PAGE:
Addicted to Hating Trump

A few nights ago I dreamed about a man I love to hate—a man whose conservative, self-righteous, Jesus-talk drives me crazy. In my dream I publicly embarrassed this man. I called out all the ways he was wrong in a room full of people. He was humiliated. I even made him cry. I woke up from this dream feeling so…satisfied.

Karen Armstrong, a British author known for her books on comparative religion, wrote “12 Steps to Compassion” which she based off the 12 Steps of Alcoholics Anonymous. In an interview on the Ted Radio Hour, Armstrong explained, “We are addicted to our pet hatreds. We don’t know what we would do without the people we dislike. We meditate on their bad qualities. They become our alter egos. They are everything we are not. When we say something negative about these people we get a buzz of pleasure almost like the first drink of the evening.”

I immediately thought of the man in my dream as I listened to Armstrong speak. Her words rang so true. My dream reflected my ego’s desire to win, to be right, to defeat this man with whom I disagree. “People don’t want to be compassionate,” Armstrong said, “they want to be right.” Our egos drive us to these conflicts, even in our dreams.

We would be well served to pay attention to Armstrong. My Facebook feed has been full of articles about Donald Trump—negative articles, because that’s what my friends are posting. At first, I read these articles eagerly, looking for more reasons to support why I was right about our new President-elect. But I have started to question this national addiction to hate, to oppose, to prove ourselves right. It seems like we are enjoying ourselves a little too much.

Over dinner the other night, my husband, Dan, cut our 9-year-old son off as he was making fun of President-elect Trump. Our son was just mimicking what he had heard others do. But Dan corrected him, saying that we will not make President Trump the butt of our jokes. We will critique what he does when we believe his actions are wrong. We will work to hold him accountable to what we believe is just. But we will not disparage him or make fun of him for the sake of our own pleasure.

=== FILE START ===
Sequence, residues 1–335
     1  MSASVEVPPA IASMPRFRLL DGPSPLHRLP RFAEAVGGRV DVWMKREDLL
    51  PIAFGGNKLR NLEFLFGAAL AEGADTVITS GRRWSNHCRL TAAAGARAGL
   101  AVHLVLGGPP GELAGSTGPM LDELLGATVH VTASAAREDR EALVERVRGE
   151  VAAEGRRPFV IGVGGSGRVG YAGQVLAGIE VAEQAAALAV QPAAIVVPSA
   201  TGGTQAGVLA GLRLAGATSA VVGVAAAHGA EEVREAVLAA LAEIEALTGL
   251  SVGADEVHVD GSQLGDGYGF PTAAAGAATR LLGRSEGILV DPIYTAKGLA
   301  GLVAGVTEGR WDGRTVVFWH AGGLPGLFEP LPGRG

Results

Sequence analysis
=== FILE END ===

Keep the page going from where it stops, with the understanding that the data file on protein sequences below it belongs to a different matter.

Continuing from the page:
I appreciated Dan’s words to our son and realized I needed to hear them myself. It’s easy to hate, criticize, and meditate on the bad qualities of others. But putting another down is a terrible way to win. It does nothing but produce more conflict and rancor—ugliness just breeds more ugliness. Armstrong suggests, then, that we wean ourselves off of our addictions, our pet grudges, our hatreds. It’s a project for a lifetime, she warns. But it will be a lifetime that prioritizes compassion—all day, every day.

 

[Feature Image: Tony Webster]

Preaching Death

048-XLAlthough I love to write, the sermons I post here on my blog are meant to be heard. So instead of posting the text for my most recent sermon, I decided to share the podcast. You can hear me preaching my Ash Wednesday sermon by following this link. The sermon is called “Choose Life” and it is based upon Deuteronomy 30:15-20.

The Practice of Doing Nothing: Introduction to Meditation

My meditation practice began with the purchase of a new, maroon zafu and zabuton—fancy names for the pillows I learned were a must for those who suffer empty-handswhile sitting cross-legged on the floor. The cushions feel good under my sit-bones, keep my back straight and my anklebones comfortable. I sit in a dark room near my office at the college where gray light filters in through venetian blinds. Behind me is a green chalkboard since this used to be a classroom, turned conference room, now cleared out as a space for prayer and meditation. Our college has welcomed a new group of Muslim students who needed a quiet place to pray. So we created this space in which I find myself meditating each morning.

Alec Baldwin’s character on 30 Rock wryly cracked, “Meditation is a waste of time, like learning French or kissing after sex.” And I might agree, except that French is a beautiful language and kissing speaks of love—especially when it’s not required, or expected. This is the beauty of meditation for me. Out of the nothingness of it, out of this waste of time, comes beauty and knowledge I never expected.